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An inspiration for the world – Mu Pa mission chief in New York

The Thaiger & The Nation

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An inspiration for the world – Mu Pa mission chief in New York | The Thaiger

“The recent multinational rescue operation to free the Mu Pa football team members from Tham Luang cave in Chiang Rai province should be an inspiration for people around the globe to help one another.”

– Mission’s chief, Narongsak Ostanakorn

“I hope this experience inspires people to start living for others,” Narongsak said.

“That would be a game changer for the world.”

Narongsak was speaking after receiving the 2018 Game Changer of the Year award at a ceremony hosted by the Asia Society. Narongsak, now governor of Payao province, was Chiang Rai governor when the 13 Mu Pa football players went missing in the Tham Luang caves in late June.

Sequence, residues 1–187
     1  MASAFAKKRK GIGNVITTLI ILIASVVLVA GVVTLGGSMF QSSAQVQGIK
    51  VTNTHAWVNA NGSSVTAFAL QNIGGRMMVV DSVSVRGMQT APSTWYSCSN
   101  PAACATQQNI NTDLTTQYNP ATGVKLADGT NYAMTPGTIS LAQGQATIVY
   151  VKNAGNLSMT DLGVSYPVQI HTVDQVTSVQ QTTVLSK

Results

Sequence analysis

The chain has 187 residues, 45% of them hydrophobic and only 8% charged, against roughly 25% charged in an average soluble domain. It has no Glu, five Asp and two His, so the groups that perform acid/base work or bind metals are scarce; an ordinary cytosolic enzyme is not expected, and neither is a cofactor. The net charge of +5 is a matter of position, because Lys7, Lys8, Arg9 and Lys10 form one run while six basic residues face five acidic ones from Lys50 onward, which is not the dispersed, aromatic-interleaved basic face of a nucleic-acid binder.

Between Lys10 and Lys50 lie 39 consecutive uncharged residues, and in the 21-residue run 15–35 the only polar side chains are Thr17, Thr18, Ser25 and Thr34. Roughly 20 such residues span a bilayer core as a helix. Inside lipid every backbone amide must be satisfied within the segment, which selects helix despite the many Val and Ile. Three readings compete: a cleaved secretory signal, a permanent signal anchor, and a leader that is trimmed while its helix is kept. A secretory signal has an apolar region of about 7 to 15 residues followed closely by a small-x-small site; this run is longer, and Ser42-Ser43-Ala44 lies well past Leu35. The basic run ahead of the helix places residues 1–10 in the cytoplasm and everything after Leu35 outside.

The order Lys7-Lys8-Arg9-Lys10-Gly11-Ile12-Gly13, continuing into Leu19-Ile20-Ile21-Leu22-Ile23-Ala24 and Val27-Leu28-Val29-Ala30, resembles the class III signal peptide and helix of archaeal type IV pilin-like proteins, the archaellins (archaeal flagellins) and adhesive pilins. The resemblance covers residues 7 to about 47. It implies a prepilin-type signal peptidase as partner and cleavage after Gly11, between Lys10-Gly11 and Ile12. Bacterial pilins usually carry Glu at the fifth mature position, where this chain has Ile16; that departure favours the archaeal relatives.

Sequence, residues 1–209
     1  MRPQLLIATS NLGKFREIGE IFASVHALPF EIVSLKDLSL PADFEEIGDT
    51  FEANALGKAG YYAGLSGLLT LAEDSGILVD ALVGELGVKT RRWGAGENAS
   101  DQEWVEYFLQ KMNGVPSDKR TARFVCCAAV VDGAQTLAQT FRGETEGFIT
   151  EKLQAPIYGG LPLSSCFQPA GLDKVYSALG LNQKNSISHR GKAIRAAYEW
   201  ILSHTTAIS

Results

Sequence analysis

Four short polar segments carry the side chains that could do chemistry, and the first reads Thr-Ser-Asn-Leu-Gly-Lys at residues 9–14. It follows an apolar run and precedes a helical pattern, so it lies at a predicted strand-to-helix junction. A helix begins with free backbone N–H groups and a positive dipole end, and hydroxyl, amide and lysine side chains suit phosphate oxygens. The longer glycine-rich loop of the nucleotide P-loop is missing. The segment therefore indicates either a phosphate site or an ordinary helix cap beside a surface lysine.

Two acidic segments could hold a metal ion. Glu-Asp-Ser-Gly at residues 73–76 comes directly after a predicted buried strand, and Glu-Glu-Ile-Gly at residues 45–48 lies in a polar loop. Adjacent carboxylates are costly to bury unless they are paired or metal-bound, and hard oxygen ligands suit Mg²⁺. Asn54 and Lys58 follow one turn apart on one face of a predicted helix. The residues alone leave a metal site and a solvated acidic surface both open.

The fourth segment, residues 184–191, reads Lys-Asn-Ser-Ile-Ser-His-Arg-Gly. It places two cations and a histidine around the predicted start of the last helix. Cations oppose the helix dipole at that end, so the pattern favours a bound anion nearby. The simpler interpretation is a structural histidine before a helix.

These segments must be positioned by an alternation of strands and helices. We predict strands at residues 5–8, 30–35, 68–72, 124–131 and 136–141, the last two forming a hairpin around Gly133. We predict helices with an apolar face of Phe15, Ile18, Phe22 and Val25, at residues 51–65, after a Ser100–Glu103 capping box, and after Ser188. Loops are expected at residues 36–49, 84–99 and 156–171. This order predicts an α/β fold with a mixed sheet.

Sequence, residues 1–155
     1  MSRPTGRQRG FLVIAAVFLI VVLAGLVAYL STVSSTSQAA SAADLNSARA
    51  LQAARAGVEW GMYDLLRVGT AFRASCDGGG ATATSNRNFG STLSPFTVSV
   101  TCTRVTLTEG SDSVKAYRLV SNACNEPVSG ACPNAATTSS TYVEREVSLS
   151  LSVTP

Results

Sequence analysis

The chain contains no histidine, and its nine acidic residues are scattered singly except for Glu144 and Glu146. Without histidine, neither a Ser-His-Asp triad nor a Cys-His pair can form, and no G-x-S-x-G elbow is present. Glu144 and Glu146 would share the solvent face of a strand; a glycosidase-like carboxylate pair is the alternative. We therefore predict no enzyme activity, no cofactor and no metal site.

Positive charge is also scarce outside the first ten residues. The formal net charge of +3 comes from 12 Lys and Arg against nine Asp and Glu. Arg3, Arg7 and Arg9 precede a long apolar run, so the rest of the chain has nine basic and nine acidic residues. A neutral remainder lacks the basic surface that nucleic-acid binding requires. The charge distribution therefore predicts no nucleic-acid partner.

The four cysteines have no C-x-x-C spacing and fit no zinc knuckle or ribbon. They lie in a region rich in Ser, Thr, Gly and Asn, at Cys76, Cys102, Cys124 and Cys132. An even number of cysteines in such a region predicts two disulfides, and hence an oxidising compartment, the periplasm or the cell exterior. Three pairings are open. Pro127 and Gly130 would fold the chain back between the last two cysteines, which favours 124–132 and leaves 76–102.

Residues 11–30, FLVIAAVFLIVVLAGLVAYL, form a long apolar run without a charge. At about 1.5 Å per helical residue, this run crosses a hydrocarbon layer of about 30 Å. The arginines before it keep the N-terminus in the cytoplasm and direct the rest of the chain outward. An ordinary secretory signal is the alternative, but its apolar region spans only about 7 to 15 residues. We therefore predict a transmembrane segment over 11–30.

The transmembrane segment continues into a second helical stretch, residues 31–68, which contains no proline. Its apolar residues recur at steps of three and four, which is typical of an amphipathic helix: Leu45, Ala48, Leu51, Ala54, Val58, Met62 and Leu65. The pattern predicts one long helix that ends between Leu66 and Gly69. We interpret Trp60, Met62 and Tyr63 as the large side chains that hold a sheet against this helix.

He headed up the 17 day successful mission that caught global attention and dominated the headlines throughout the period. Joining Narongsak on stage were deputy coach Ekkapon Chantawong and one of the young footballers, Adul Samon.

Adul earned international praise for his English skills during a conversation with the two British divers who first found the group 10 days after they went missing without food in the dark, cold and wet cave. He was also an indispensable help in the following week as preparations were made between the Thai and english-speaking experts that figured out how to extract the entire team alive.

Ekkapon was also hailed for his mentoring of the boys and his advice that helped them survive the ordeal.